Peninsula College awaits word on how deep cutbacks will be in 2009

PORT ANGELES — Peninsula College administrators are waiting on the edges of their seats for the governor’s proposed budget to be released later this month.

Among the severe cuts expected when Gov. Chris Gregoire releases her proposed biennial budget next Thursday is decreased funding for community colleges.

President Tom Keegan said that he has heard the cuts could range between 20 to 30 percent of present state funding.

“We really don’t know at this point,” he said.

Rep. Lynn Kessler said that the 20 to 30 percent range sounded about right, given what she has heard at recent meetings with other leaders in the state Legislature and in Gov. Chris Gregoire’s office.

“Absolutely everything is on the table for cuts,” Kessler said.

“This is an unprecedented downturn in the economy.

“This is not hurting just community colleges, but also our whole state, nation and world.”

Kessler said the Legislature would try to soften the blow to community colleges, but that it was a challenging budget year ,with a potential of $2 billion in cuts for the state.

“There is no way around it. We have to protect the basic education of students kindergarten through 12th grade because that is a constitutional mandate,” Kessler said.

“That is 41 percent of the budget, so what happens is, when you can’t cut there, the cuts to all the rest of the areas become draconian.”

No plans yet

Deborah Frazier, vice president of administrative services, said the current budget was for about $16.9 million, and that the college keeps about 25 percent of that in reserves.

Before making any decisions or predictions, Keegan said, the college administration wants to see the governor’s proposal.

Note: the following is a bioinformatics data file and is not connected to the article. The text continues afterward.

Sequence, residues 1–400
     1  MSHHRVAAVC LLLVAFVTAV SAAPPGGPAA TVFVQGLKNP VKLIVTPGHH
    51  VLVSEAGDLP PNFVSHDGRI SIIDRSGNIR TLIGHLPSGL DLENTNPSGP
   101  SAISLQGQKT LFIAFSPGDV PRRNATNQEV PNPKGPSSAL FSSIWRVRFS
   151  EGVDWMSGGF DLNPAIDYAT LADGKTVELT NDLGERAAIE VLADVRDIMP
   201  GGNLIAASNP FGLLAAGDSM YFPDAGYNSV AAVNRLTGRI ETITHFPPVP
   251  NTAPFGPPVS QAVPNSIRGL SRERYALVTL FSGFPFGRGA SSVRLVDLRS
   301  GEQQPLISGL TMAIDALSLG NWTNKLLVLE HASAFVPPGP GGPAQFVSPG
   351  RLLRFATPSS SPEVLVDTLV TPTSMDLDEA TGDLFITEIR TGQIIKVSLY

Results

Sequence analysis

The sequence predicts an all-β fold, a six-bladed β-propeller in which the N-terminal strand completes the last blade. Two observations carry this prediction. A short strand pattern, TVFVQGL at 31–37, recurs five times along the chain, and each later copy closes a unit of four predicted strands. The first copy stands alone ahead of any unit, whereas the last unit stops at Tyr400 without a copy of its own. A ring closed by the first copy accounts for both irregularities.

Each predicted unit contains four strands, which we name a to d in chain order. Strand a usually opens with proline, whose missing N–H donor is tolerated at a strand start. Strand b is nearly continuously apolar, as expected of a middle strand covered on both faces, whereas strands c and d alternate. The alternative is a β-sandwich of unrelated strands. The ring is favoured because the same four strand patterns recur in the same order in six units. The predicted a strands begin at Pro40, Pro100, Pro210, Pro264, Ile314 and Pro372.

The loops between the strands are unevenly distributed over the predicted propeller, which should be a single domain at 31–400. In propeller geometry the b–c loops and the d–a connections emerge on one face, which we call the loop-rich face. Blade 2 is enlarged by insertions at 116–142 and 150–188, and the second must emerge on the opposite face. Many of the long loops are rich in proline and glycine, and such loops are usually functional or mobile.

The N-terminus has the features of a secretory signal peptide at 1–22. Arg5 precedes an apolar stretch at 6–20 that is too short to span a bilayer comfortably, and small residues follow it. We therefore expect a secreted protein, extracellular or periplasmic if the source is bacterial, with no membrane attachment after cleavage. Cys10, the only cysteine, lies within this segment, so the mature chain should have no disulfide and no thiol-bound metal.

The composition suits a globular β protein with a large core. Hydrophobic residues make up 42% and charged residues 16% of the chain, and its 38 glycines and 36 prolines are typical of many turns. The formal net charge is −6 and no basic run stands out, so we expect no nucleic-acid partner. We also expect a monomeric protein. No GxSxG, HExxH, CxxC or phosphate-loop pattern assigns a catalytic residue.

The state Legislature convenes on Jan. 12, and will begin work on the budget for two years, from July 2009 through June 2011.

After the governor’s proposal is known, college officials will begin work on a preliminary budget, including possible cuts.

Keegan said he didn’t know what might be slashed.

“We haven’t even speculated to that yet,” he said.

“It is much too early to tell what areas will be more vulnerable to cuts.

“We have not prioritized anything at all, except to say that we will maintain a high quality level of instruction and services, and we will fulfill our central missions as a community college.”

It probably will be mid-January before meetings are held with campus administration to determine any priorities, Keegan said.

Across Peninsula

Peninsula College, which serves a total of about 1,500 full-time students, also has two satellite campuses in Forks and Port Townsend.

Keegan, in answer to direct questions, said he had not given any consideration to whether those areas would be more vulnerable to cuts, or whether faculty or other staff would be cut throughout the system.

“We have not even talked about that,” he said.

The enrollments at the satellite campuses weren’t immediately available.

Protecting community colleges, especially in hard economic times, is especially important, Kessler said.

“During hard times, people need retraining, and some people are going for that higher education,” she said.

“We will thoughtfully go through the budget, and really pick the priorities, especially in these times, as more people want to get into community colleges when the economy goes down in this unprecedented way.”

Kessler said that economic stimulus packages from the federal government were on the horizon that could potentially ease the strain on the state budget.


Reporter Paige Dickerson can be reached at 360-417-3535 or at

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